Garmin Southern Africa, recently launched their new brand campaign titled WHERE WERE YOU WHEN YOU LAST FELT ALIVE? Garmin partnered with King James II for this campaign which is currently being promoted across the digital and TV platform. The TV component comprises of two TVC’s which were shot and filmed using Garmin’s very own Virb Elite action camera! The crew shot on location at two ironically beautiful settings, the Blyde River Canyon and on the Zambezi River.
Garmin position themselves as a lifestyle brand offering GPS technology solutions across the fitness, outdoor, marine, automotive and now the action camera market. “We are very excited to be showcasing the capabilities of the Virb Elite, how it records your heart rate, distance, speed, altitude route and more, allowing people to relive their memorable moments!” Says Jenna Chisnall, Marcomms Manager for Sub-Saharan Africa.
“We are all born with a desire. A desire to explore, to discover and to have our breath taken away by events bigger than ourselves – to acquire a mass of adventures, to live a life less ordinary. But mere experience was never quite enough for us, was it?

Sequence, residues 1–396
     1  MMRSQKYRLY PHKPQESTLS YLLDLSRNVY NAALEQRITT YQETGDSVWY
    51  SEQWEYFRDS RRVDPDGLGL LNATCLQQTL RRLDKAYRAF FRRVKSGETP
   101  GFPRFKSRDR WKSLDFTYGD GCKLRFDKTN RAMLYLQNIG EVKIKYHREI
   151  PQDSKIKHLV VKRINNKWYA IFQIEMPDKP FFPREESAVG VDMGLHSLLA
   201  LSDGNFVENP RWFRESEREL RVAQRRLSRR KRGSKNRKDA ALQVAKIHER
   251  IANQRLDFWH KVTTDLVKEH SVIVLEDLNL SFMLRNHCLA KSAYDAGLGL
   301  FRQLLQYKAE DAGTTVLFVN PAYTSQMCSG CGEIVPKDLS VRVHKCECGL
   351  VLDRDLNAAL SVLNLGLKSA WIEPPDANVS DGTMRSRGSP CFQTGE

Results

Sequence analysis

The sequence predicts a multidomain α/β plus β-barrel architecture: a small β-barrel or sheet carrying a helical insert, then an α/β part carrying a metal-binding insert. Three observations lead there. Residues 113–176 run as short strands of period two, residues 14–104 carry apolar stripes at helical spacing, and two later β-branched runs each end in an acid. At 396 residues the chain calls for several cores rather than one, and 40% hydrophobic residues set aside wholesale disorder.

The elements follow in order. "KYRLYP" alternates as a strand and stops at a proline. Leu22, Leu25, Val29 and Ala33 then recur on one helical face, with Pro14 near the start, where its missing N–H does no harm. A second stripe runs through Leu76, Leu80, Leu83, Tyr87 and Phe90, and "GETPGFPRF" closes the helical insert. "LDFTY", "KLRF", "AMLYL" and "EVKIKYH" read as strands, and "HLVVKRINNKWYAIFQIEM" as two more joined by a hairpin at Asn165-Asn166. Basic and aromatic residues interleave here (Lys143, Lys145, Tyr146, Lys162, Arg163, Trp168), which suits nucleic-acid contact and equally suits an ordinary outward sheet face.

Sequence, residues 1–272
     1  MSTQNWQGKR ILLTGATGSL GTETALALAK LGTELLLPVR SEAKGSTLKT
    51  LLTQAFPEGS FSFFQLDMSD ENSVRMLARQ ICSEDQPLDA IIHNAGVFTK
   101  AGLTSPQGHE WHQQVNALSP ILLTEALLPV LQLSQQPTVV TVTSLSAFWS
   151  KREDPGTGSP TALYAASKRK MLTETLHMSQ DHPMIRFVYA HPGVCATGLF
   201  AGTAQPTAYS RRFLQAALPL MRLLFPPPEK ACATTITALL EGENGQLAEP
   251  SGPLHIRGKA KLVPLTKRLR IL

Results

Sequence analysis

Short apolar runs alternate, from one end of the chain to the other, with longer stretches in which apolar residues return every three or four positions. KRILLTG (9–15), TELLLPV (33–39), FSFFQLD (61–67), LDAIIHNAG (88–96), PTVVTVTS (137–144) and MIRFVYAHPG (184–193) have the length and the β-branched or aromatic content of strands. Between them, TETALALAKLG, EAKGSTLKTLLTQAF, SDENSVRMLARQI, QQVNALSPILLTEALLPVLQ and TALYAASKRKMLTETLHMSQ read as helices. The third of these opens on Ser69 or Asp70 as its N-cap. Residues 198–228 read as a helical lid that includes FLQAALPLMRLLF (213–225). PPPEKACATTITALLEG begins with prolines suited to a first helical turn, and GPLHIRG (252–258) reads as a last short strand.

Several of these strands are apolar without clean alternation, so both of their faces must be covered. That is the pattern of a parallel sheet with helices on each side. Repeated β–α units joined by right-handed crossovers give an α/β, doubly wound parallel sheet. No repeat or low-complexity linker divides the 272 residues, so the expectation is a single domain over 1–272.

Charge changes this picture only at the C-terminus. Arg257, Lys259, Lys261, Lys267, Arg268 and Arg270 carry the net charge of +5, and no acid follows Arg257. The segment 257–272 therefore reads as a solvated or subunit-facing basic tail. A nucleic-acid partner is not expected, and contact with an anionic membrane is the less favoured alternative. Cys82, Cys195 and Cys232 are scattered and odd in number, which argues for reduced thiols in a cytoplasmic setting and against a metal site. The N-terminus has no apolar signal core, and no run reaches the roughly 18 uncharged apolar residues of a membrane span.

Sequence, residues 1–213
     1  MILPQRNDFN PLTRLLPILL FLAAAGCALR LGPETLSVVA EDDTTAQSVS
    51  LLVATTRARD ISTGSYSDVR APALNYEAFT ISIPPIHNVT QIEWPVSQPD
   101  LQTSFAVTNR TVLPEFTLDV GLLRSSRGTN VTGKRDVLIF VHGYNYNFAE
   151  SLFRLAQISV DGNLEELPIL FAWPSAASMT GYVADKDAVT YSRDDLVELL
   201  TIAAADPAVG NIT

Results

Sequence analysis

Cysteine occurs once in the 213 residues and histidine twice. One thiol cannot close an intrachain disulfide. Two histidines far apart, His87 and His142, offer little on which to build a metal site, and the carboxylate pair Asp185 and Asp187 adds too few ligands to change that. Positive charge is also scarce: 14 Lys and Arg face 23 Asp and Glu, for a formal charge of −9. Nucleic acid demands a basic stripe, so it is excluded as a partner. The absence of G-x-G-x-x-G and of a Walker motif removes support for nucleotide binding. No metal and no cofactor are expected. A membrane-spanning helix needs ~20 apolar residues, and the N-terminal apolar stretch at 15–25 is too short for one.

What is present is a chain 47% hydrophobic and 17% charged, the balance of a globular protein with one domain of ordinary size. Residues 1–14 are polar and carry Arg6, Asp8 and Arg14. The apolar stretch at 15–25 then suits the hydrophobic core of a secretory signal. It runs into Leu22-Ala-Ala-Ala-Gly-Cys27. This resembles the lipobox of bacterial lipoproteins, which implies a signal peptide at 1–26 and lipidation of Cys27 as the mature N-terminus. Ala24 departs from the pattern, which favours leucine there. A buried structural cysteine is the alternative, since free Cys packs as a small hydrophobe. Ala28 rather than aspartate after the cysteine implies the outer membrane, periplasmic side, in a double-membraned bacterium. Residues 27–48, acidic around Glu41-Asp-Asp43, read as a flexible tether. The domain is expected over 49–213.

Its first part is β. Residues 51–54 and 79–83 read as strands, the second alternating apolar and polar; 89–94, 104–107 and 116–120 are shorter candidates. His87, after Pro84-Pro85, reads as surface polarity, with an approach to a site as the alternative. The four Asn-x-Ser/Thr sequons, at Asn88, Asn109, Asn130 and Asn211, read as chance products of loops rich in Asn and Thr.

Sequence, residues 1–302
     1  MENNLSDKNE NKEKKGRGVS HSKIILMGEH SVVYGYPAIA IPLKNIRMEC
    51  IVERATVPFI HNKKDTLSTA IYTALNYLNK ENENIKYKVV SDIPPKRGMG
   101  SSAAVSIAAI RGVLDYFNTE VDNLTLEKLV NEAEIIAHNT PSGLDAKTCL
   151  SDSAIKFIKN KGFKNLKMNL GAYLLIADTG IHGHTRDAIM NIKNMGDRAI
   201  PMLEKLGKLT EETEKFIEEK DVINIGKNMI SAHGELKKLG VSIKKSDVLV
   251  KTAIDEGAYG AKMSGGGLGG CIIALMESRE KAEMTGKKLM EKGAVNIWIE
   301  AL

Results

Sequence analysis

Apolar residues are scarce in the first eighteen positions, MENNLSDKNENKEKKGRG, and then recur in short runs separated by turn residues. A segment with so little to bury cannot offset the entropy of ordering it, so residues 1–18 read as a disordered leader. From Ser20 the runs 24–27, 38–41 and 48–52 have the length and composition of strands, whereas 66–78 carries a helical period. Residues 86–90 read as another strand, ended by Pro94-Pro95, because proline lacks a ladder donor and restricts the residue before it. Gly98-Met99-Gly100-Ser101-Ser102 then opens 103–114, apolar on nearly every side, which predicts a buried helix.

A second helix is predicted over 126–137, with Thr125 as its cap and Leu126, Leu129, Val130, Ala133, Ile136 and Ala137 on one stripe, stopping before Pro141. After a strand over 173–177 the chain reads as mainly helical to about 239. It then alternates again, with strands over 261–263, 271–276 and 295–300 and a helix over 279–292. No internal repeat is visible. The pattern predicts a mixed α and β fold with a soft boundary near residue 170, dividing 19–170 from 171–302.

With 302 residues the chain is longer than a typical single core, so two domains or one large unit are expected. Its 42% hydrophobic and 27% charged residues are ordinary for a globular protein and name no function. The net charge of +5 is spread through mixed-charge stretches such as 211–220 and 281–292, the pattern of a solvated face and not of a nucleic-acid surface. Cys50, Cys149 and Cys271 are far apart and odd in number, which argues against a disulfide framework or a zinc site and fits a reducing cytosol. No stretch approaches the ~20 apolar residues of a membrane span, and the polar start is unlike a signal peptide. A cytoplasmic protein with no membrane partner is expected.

We’ve always needed to archive them, celebrate them and remember them. Because, as humans, we measure life in moments. And we have since the beginning of time.
We painted them on walls. It wasn’t enough, so we started telling stories and handing them down from generation to generation. And when that wasn’t enough, we started writing them down and distributing them. When that fell short, we invented the phone. And when that lost its shine, we ushered in the camera. It burnt negatives to film. Then moving pictures. Then it went digital. We held it in our hands. Put it on our shoulders. And then, we attached it to our heads. And when it wasn’t enough that the camera just recorded video – we modified it to record our GPS location, heart rate, altitude, route, distance, speed and direction. We taught it how to feel and now, the Garmin Virb Elite is going to change everything.
Instead of recording, it helps us relive. Instead of footage, it shows us the human experience. Beyond picturesque landscapes, it displays an emotional journey. It has reawakened our sense of discovery. Which is to see or feel or experience something for the first time. Because when we discover, we realize we aren’t just existing – we’re really living.
Fishing on the Zambezi, proposing to the one. It’s these sorts of moments we never forget, that we cherish. It’s these sorts of moments we can’t wait another minute before sharing with the world. That’s living.
And it’s got one question for you: Where were you when you last felt alive?”